I read that a (sufficiently) white surface reflects more (visible) light than a mirror. Is that true? And if yes, why?

  • 2
    $\begingroup$ "A mirror" and "a white surface" are not opposites. You could argue that a mirror is also a white surface - just a white surface that happens to reflect specularly (parallel rays). $\endgroup$
    – Steeven
    Apr 16, 2021 at 10:09
  • $\begingroup$ Interesting perspective. $\endgroup$
    – Raffael
    Apr 16, 2021 at 10:13
  • 1
    $\begingroup$ To develop the first comment a bit more, you can consider the following thought experiment: Start with a mirror made of a homogeneous material, say stainless steel for instance, then break it into pieces again and again a couple of times, each fragment will reflect light as efficiently as the the initial mirror (albeit in a different direction). If you do this a large enough amount of time, you end up with a white powder, whose reflecting power is the same as the one of the initial mirror (only spread over a large amount of grains). $\endgroup$ Apr 16, 2021 at 12:30
  • $\begingroup$ Hi, please provide the reference which made that statement. It would be helpful to us, as then we could show what assumptions it made about a mirror's reflectivity $\endgroup$ Apr 16, 2021 at 14:06
  • $\begingroup$ Here’s one possible example: patentimages.storage.googleapis.com/c7/70/db/6a3db1bed0860d/… $\endgroup$ Apr 16, 2021 at 15:21

1 Answer 1


Have you ever wondered why things show colour? Well when light is incident on a surface, light of certain wavelengths are absorbed and we see the complement colours.For example a green surface absorbs light of all colours other than green. But a white surface is a surface that reflects out light of all wavelengths unlike a black surface which absorbs all light.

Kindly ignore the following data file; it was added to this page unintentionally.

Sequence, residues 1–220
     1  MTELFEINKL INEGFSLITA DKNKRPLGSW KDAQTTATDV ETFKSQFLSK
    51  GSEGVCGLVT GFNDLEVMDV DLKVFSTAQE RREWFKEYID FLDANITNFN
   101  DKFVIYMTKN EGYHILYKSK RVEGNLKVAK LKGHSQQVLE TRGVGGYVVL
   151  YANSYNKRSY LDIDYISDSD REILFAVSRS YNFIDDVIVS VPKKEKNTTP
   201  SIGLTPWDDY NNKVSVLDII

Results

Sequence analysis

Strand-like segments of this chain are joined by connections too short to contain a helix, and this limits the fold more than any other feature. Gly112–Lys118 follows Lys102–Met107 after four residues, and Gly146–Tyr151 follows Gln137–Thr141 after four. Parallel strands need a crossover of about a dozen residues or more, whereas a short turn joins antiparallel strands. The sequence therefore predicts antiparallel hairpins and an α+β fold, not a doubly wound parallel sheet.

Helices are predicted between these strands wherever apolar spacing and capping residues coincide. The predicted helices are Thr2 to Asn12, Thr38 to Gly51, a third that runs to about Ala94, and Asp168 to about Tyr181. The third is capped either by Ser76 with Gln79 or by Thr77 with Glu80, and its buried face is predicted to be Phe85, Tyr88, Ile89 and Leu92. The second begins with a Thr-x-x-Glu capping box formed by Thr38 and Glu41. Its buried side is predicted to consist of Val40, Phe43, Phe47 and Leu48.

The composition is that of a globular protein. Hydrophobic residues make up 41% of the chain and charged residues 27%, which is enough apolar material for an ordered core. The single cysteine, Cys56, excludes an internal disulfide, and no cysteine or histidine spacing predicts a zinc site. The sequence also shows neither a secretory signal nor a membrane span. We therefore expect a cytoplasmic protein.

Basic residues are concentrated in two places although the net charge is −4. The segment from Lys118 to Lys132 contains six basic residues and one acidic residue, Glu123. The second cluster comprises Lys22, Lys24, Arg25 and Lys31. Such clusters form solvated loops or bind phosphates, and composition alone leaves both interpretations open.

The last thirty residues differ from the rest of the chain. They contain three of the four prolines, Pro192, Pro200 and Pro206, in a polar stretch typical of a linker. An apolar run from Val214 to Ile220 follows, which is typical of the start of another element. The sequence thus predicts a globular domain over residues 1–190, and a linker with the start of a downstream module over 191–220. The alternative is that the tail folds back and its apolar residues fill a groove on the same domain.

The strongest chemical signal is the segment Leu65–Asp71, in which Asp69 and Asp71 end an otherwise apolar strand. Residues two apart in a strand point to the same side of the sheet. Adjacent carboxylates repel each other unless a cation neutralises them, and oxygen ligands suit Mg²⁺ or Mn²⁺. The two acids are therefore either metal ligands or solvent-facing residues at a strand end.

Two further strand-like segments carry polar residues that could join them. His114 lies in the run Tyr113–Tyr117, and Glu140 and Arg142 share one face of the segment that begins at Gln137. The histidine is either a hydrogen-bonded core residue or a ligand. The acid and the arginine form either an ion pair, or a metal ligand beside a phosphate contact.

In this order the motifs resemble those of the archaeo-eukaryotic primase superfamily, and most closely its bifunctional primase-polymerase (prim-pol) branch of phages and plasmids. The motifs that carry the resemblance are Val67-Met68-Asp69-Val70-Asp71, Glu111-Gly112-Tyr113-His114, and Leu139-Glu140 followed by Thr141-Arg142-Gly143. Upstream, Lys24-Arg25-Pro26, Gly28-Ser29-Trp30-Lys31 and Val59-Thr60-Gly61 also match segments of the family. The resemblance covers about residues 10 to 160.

Now imagine shining a green laser at a mirror . What we get is a reflected green beam.if we repeat this experiment for all other 6 colours we will get similar results.So we can conclude that a mirror reflects light of all colours just like a white surface .

So what makes a mirror different from a white surface?

A mirror possesses specularity i.e parallel rays are reflected parallel to each other thus maintaining an image which does not happen for all white surfaces. A surface which is not a mirror does not reflect the parallel rays in a specular fashion so the reflected rays mix into one homogeneous white light without producing image.

So basically if I take a white surface and give it the property of specularity I get a mirror.

Typically how much light is reflected depends on the surface.For example if you take a sufficiently white surface it will reflect 100 % light but if you compare it with a household mirror that reflects only 80% light then the white surface would reflect more than the mirror.


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